Earlier this month, Russia's Penza Governor Vasily Bochkarev announced [ru] that he wants to “reject formal appointment procedures” in restaffing his ombudsman on investors’ and entrepreneurs’ rights. His Chief of Staff, Viktor Rubtsov, soon introduced [ru] a “pilot program” to use an online election to nominate a candidate for the vacancy. (The winner would not automatically gain the position, but be considered for the job.)
The Governor's office designated local web portal Penzenskaia Pravda as the virtual platform for the election, scheduling the vote to end on August 9. Though it is no longer the case [ru], local entrepreneur and blogger Anton Kupriushin led the race for over a week, surprising some and worrying others about the prospects for online voting.
Bochkarev's state experiment with online methods complements recent parallel attempts by the opposition to exploit the growing but still poorly utilized powers of virtual primaries. To date, one of the most prominent online primaries was held in Omsk, where Ilya Varlamov won an online vote and later withdrew from the mayoral race, without ever actually registering as an official candidate.
Despite this failure, there is an enduring interest in harnessing the direct democracy potential of online voting, and Penza's government is apparently hoping to make some progress in this field.
Penza officials’ interest in its netizens predates the political turmoil that has permeated Russia since last December's parliamentary elections. Indeed, more than a year earlier, in November 2010, Governor Bochkarev responded to President Medvedev's blogging initiative and ordered [ru] Penza bureaucrats to start their own blogs. (This order apparently went largely unheeded.)
In April 2011, the Governor then met with a dozen of the region's best known bloggers for an open discussion about various local issues that ranged from stray dogs (Bochkarev wants to create an NGO to manage the issue) to replacing Penza's mayor, Roman Chernov (which the Governor claimed was beyond his authority).
Since that first meeting more than a year ago, Penza's netizens and state officials have cautiously courted one another. The Governor has met with bloggers several more times, leading some to distrust the government's heightened interest in them, though the benefits of improved access to power are not lost on everyone.
Kupriushin, the blogger who initially led the online vote, is a case in point. After his latest sit-down with the Governor earlier this month, he swore [ru] never to attend another such meeting, criticizing the fact that members of “Stal” (an offshoot of the pro-Kremlin youth group Nashi) were also invited:
Да и встречаться больше не будем, так решили. Пусть теперь сладенькие встречаются, нашисты, стальевцы, а мы не станем.
Local blogger Evgeny Makeenko has also employed the “Nashist” slur, complaining [ru] that Penzenskaia Pravda is a “Nashist newspaper.” (Makeenko's issues with the publication seem to stem [ru] from it having deleted his comments attacking Penza businessman Oleg Totskii, whose bodyguard died and family was hospitalized after carbon monoxide [ru] accidentally poisoned his home last February.)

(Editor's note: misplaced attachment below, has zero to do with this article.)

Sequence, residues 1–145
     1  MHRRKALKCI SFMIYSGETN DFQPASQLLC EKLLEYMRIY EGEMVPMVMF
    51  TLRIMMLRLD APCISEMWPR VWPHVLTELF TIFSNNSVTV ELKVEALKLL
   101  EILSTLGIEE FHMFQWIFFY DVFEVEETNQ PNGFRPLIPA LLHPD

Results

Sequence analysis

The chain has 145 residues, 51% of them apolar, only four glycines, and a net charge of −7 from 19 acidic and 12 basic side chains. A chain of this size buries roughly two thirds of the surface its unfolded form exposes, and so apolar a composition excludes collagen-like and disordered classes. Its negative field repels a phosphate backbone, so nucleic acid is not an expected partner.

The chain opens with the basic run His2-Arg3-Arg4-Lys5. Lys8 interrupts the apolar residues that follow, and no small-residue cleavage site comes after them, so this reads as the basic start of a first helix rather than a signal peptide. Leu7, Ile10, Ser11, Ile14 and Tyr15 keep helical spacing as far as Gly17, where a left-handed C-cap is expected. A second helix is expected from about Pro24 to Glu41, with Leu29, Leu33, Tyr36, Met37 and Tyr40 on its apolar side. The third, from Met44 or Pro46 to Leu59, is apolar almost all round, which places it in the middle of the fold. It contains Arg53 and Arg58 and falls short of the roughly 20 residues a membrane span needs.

Also fearing manipulation, Kupriushin worried [ru] that the meetings were designed to tame Penza's bloggers:
Не пойду я на эту встречу и на последующие тоже не пойду. Никому они особо не нужны. Кроме рейтингов. Информациооной открытости.
In comments to the newspaper Kommersant, Kupriushin also expressed [ru] pessimism about the virtual election for the investment/entrepreneurs ombudsman, arguing that an open online election overlooks the specific interests of the business community, and is vulnerable to meddling by the authorities:
Такой отбор совершенно не отражает мнения предпринимателей [….] Видимо, сказывается веяние федерального центра, когда федеральный инвестиционный омбудсмен заявил о том, что в регионах на такие должности людей надо выбирать, а не назначать. Но, я думаю, что в итоге все равно накрутят голосов нужному кандидату.
Kupriushin, however, is not always so gloomy about the Governor's engagement with local bloggers. Whatever his issues with “federal trends” and possible disservice to the business community, he has actively promoted his ombudsman candidacy on his blog. Kupriushin has also paused to celebrate Bochkarev's interest in online citizen initiatives.
On July 23, for instance, he commented [ru] on the Governor's LiveJournal page in order to promote [ru] a nationwide trash cleanup on September 8, organized by the group “Blogger Against Trash” [ru] (founded [ru] in 2011 by photographer and ultra-popular blogger Sergei Dolya). Kupriushin led the group's trash collection effort last year in Penza, and this year he asked Bochkarev to participate and bring along the local media. To Kupriushin's surprise, the Governor agreed.
While both Bochkarev's administration and Penza's bloggers remain suspicious about each other, the rewards of cooperation (or even, at the very least, purely symbolic contact) keep the two in dialogue. According [ru] to Vladimir Volkov (the region's agriculture minister), the experiment with online voting is an effort to ‘stay ahead of the curve,’ anticipating the expansion of elections for such positions, as federal initiatives impose new rules on regional politics.
Volkov was rationalizing only the state's behavior, but these survival instincts clearly are not limited to the government. Bloggers, too, are trying to play it safe, without limiting their options in a country with an uncertain future.